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Delhi remains shrouded in toxic haze for 3rd consecutive day


Press Trust of India New Delhi
The number of masked faces in Delhi continued to grow as the city remained blanketed under the pungent haze for the third consecutive day on Thursday.
The capital's overall air quality index (AQI) stood at 410 at 4 pm on Thursday, a tad better than 419 at the same time a day ago.
Twenty-two of the 37 air quality monitoring stations across Delhi recorded AQI in the 'severe' category in the morning.
Bawana was the most-polluted area with an AQI of 470, followed by Anand Vihar (469), Wazirpur (467), Vivek Vihar (458) and Ashok Vihar (448). The five are the 'critically-polluted' areas identified by the Delhi government after analysing post-Diwali pollution data.
Neighbouring Ghaziabad was the most-polluted city in the country, with the levels of PM2.5 -- tiny particulate matter less than 2.5 microns that can enter deep into the lungs -- reaching as high as 484.
An AQI between 0-50 is considered 'good', 51-100 'satisfactory', 101-200 'moderate', 201-300 'poor', 301-400 'very poor' and 401-500 'severe'. Above 500 falls in the 'severe-plus emergency' category.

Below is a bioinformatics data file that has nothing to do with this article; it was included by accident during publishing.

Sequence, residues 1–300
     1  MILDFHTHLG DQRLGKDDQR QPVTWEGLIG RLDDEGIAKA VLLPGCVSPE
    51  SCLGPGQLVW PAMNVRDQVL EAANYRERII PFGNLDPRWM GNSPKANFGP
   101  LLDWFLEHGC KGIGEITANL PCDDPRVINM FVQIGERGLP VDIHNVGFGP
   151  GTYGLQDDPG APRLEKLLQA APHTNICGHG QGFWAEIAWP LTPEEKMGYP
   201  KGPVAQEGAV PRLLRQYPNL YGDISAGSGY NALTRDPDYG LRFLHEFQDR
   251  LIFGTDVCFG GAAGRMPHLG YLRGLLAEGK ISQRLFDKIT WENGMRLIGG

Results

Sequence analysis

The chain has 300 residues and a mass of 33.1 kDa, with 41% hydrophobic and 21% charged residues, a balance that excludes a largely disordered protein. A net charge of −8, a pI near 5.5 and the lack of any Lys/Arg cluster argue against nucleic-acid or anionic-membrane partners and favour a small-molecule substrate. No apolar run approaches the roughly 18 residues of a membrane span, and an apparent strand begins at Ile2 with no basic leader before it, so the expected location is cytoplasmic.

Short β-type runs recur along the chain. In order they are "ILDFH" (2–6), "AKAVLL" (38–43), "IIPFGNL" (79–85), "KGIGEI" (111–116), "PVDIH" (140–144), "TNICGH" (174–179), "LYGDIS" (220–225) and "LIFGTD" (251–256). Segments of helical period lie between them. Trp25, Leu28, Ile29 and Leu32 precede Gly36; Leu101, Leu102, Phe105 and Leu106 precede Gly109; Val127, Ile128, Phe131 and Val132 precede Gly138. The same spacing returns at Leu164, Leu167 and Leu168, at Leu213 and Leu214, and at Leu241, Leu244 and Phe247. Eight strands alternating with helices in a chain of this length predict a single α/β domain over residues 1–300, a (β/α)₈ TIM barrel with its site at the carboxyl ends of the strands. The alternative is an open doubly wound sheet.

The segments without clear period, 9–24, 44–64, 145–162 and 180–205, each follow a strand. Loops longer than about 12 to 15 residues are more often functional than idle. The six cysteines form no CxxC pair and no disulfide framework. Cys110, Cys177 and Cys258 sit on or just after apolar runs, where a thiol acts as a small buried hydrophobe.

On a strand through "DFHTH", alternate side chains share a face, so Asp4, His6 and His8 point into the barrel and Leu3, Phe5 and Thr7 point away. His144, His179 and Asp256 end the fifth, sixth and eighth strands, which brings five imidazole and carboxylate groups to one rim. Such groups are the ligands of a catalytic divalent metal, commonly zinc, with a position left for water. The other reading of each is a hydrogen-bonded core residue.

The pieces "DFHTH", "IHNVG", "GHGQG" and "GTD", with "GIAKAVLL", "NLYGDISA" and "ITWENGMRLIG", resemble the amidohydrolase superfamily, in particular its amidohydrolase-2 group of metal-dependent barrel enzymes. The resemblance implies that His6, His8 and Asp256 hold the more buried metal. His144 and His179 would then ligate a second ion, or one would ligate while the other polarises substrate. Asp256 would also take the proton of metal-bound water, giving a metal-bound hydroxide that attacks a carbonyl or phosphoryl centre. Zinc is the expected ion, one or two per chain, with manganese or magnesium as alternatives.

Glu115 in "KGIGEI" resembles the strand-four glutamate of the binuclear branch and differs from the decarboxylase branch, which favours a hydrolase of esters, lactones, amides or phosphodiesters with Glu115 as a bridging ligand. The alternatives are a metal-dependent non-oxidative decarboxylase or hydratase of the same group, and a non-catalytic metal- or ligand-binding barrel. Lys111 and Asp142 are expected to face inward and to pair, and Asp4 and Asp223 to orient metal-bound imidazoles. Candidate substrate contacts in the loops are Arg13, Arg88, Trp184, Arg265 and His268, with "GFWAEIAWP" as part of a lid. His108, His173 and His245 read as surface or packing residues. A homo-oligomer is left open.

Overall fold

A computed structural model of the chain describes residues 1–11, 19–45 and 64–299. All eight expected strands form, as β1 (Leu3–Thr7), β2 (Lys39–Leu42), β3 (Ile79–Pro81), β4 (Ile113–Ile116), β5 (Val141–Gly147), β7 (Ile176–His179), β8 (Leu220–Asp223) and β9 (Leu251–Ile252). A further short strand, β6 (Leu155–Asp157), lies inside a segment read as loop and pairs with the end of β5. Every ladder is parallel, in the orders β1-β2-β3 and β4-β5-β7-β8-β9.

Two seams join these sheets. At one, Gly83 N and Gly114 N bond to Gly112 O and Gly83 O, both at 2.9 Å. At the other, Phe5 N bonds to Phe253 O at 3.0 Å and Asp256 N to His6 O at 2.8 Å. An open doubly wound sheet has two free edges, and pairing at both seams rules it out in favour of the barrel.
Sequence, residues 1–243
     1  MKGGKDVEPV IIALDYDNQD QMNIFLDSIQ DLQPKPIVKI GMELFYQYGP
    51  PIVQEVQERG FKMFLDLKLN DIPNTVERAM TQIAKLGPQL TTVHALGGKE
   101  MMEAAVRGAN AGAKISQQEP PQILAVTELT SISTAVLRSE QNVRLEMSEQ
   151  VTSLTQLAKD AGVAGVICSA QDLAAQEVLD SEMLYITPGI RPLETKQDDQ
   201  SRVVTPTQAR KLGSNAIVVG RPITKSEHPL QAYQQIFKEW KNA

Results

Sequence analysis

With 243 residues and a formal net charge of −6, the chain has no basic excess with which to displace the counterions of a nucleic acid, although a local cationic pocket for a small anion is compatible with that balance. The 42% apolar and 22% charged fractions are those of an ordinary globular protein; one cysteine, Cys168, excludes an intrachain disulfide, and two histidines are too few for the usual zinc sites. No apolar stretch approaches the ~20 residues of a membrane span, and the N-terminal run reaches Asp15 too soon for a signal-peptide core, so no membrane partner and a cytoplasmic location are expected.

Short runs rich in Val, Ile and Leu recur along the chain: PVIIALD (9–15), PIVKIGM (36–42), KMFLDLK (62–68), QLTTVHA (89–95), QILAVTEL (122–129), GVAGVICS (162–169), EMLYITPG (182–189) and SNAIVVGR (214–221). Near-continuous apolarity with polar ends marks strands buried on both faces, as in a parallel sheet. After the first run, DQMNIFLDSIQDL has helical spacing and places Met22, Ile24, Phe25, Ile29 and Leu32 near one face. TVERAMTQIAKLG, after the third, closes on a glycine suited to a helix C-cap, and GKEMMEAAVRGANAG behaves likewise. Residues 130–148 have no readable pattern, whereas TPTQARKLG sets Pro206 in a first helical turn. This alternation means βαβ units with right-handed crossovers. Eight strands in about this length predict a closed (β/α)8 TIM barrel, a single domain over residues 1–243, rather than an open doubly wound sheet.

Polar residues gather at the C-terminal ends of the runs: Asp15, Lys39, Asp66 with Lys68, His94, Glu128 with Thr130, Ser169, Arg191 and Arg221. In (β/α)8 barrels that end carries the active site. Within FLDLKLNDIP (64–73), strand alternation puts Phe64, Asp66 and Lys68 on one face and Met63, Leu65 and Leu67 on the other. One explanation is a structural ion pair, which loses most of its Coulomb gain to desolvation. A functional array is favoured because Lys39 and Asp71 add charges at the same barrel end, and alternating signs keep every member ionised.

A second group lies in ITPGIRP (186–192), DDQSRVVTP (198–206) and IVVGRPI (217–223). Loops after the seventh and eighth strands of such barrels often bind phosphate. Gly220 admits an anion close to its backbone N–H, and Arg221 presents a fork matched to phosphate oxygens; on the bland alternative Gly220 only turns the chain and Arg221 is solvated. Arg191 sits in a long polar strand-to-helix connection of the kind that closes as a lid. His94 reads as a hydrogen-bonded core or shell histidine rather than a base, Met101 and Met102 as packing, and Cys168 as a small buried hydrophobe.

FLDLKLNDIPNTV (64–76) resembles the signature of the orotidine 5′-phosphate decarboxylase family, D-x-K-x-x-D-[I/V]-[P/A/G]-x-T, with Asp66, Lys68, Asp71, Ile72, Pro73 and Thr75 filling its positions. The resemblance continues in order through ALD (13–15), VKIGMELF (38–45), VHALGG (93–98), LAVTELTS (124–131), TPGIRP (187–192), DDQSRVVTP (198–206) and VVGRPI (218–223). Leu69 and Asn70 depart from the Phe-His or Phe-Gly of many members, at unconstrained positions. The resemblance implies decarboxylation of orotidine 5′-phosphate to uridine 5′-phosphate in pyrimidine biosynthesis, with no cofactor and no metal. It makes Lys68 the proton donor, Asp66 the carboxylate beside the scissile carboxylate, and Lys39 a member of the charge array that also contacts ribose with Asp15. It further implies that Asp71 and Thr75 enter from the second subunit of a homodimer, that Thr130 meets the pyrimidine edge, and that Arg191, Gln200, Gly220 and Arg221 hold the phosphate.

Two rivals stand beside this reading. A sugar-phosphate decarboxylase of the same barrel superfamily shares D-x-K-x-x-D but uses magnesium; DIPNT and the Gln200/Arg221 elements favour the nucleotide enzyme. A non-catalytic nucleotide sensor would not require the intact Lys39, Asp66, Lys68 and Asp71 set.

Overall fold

According to the Ministry of Earth Sciences' air quality monitor, SAFAR, the share of stubble burning in Delhi's pollution stood at 27 per cent on Thursday, with farm fires continuing to rage in Haryana and Punjab.
According to data from Punjab and the Central Pollution Control Board, the state has recorded a whopping increase of 7,842 fires -- from 12,027 on Sunday to 19,869 on Wednesday.
Haryana has recorded an increase of 476 cases -- from 3,735 to 4,211 -- during the same period.
Weather experts said increased wind speed due to a fresh western disturbance would help disperse pollutants faster from Saturday.
In view of the hazardous pollution levels in Delhi, doctors advised people to take a lot of precautions, including wearing face masks and avoiding early morning and late evening walks as concentration of pollutants is at its peak during this period.
Deputy Chief Minister Manish Sisodia had on Wednesday said the decision to shut schools would be taken "when the need arises". In November 2017, the government had shut schools for a few days due to the deteriorating air quality.
The government, meanwhile, will start distributing 50 lakh N95 masks, considered one of the good quality masks for tackling smog, among school students in Delhi from Friday.
Meanwhile, the BCCI said it would carry on with the India-Bangladesh T20 clash at the Feroz Shah Kotla grounds on Sunday, disregarding concerns raised by environmentalists about the health of players and thousands of spectators.
The AQI takes into account five chief pollutants -- particulate matter with a diameter less than 10 micrometres (PM10), PM2.5, ozone (O3), nitrogen dioxide (NO2) and carbon monoxide (CO).
The higher the AQI value, the greater the level of air pollution and health concerns.

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First Published: Oct 31 2019 | 10:10 PM IST

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